Hurkacz vs Dimitrov: Chair umpire controversy evokes McEnroe's 1979 drama

Tuesday, 04 June 2024 at 00:30
Hubert Hurkacz faced Grigor Dimitrov in the Round of 16 at the French Open, leading to an interesting situation when the Polish player asked the Bulgarian if he wanted to replace the chair umpire during a changeover in the third set. 'Hubi' was dissatisfied with the performance of chair umpire Alison Hughes.
It's not the first time a player has requested a chair umpire change during a Grand Slam match. Back in 1979, John McEnroe and Ilie Nastase had a heated match at the US Open, which resulted in disturbances, a change of umpire, and increased security.

Hurkacz Indignant with Chair Umpire

One of the most attractive matches of the fourth round featured two top-10 players. Dimitrov (No. 10) achieved a great victory, winning 7-6, 6-4, 7-6 over Hurkacz (No. 8) and advancing to the quarterfinals of Roland Garros for the first time in his career. It was the only Grand Slam where he had not yet reached the last-8.
The match was decided by small margins and included an incident with the chair umpire in the final minutes. Hurkacz was upset because Hughes correctly ruled one of his forehands out, a decision he disagreed with and repeatedly questioned the supervisor about.
“G, you wanna make a change? You wanna continue with the lady here?” Hurkacz asked Dimitrov during an exchange.
“Wanna continue with what?” Dimitrov responded.
“No, I mean like, do you want to continue with the lady here, or are you fine, or do you want a change? That’s what I said. Up to you,” Hurkacz insisted.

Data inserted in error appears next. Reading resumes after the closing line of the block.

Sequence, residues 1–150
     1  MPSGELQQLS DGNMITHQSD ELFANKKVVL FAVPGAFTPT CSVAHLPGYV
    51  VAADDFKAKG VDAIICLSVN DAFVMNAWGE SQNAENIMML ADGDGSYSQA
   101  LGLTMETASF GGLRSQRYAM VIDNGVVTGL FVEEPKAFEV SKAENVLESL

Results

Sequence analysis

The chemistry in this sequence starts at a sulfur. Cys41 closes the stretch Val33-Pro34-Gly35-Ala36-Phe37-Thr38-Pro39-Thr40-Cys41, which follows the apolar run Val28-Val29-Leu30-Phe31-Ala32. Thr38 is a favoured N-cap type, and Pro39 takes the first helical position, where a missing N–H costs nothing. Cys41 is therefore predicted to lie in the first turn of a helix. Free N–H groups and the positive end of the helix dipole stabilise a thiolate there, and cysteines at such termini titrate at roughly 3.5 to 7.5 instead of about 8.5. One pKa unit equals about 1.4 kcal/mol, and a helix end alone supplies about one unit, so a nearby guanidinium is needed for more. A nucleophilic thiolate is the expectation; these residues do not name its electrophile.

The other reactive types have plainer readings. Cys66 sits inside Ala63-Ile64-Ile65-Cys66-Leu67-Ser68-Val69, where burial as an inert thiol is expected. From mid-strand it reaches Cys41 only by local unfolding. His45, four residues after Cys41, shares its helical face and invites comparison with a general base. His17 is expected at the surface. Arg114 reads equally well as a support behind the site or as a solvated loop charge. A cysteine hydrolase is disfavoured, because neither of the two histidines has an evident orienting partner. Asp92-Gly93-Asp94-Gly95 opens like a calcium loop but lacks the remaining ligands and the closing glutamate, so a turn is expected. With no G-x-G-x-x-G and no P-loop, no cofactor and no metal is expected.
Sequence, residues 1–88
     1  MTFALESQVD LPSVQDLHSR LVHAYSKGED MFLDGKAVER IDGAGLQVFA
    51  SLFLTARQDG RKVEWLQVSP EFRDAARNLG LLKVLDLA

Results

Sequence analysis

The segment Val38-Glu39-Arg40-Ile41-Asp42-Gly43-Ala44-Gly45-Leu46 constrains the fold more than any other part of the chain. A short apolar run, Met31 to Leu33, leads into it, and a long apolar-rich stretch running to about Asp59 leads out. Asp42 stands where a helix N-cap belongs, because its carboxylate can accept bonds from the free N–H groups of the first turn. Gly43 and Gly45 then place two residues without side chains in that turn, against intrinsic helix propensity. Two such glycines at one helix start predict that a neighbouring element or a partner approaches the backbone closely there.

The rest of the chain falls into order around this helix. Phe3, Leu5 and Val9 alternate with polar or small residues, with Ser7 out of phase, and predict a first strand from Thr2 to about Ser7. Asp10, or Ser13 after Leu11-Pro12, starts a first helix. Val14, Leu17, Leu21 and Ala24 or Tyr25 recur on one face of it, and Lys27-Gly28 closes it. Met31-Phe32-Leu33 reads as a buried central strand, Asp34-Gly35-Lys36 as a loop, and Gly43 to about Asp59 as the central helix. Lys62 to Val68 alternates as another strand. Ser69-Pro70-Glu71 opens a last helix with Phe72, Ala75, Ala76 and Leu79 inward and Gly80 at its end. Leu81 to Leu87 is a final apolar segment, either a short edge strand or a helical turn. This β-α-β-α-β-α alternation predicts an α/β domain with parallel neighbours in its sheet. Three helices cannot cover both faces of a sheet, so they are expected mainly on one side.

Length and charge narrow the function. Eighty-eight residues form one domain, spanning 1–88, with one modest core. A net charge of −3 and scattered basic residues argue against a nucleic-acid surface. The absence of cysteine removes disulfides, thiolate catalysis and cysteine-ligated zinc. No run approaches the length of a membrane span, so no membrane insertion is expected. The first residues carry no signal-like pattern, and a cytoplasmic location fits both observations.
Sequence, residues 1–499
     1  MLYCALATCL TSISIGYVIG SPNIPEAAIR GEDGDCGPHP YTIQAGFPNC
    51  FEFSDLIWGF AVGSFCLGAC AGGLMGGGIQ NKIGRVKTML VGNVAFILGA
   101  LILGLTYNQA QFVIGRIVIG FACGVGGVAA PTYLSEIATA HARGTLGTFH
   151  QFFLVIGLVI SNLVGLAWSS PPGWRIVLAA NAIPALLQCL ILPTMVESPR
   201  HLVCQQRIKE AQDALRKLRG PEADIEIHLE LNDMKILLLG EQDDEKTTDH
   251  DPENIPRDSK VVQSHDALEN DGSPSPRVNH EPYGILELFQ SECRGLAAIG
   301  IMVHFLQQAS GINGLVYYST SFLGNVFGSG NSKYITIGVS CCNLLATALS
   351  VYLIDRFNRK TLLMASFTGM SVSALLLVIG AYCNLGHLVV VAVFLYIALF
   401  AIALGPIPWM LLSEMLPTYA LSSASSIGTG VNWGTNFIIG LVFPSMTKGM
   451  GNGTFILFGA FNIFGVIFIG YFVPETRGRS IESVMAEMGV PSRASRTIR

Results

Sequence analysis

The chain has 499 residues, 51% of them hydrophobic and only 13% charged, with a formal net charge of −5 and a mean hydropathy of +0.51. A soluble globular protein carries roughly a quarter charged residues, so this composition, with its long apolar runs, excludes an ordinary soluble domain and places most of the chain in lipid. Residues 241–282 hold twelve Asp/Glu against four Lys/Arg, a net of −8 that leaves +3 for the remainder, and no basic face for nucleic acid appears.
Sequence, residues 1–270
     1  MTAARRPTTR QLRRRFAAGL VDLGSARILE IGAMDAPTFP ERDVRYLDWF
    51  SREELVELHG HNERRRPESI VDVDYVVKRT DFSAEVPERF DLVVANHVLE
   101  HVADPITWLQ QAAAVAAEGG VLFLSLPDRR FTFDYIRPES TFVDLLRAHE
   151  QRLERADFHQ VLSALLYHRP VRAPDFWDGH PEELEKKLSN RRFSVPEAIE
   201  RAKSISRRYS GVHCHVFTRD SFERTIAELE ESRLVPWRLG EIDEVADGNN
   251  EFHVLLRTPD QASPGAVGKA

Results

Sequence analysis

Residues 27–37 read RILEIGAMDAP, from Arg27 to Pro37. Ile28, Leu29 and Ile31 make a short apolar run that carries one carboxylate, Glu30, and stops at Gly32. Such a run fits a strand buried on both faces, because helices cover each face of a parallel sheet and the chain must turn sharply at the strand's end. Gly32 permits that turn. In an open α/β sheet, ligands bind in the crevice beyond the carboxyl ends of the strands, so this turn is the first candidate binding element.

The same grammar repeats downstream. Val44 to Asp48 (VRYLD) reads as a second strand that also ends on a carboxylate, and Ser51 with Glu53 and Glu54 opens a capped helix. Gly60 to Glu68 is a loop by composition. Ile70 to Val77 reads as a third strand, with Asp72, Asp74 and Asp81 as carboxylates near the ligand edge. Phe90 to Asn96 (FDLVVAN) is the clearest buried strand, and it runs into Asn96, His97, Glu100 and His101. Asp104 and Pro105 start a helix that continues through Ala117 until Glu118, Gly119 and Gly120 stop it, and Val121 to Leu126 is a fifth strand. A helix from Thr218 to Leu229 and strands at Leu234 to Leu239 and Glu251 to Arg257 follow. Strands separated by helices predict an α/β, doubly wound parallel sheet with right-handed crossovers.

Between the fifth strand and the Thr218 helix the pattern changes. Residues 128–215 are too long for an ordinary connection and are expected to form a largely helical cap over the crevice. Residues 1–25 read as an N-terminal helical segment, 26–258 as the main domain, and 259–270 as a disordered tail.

“Change what, sorry?” Dimitrov replied.
“Change the lady, the chair umpire,” Hurkacz clarified.
Hurkacz asked to Dimitrov to changed the umpire at Roland Garros

The McEnroe/Nastase Controversy in 1979

One of the most controversial matches in history occurred in the second round of the 1979 US Open. The third seed, McEnroe, only 20 years old, was a major contender for the trophy in search of his first Grand Slam title. He faced a tough challenge against the 33-year-old former world No. 1 Ilie Nastase, in what seemed to be a generational shift in tennis.
A clash between two of the sport's most rebellious players promised a highly charged encounter. Nastase had a career marked by constant altercations, similar to McEnroe’s explosive personality. The former Romanian player frequently complained about line calls and the noise of airplanes.
In the fourth set, Nastase lay down on the court, claiming that McEnroe was taking too long to serve. Chair umpire Mike Hammond penalized Nastase a point, as he had already received a warning earlier in the match.
The spectators were furious, throwing bottles and objects onto the court, delaying the match for 15 minutes. Hammond defaulted Nastase, awarding the match to McEnroe while spectators fought in the stands, with some even storming the court. The police had to intervene until the situation calmed down, and the match was resumed under the direction of Bill Talbert, who also replaced Hammond as the chair umpire.
The match concluded with John McEnroe winning in four sets, 6-4, 4-6, 6-3, 6-2, in an epic duel that paved the way for his first Grand Slam title at the 1979 US Open after defeating Vitas Gerulaitis in straight sets in the final.

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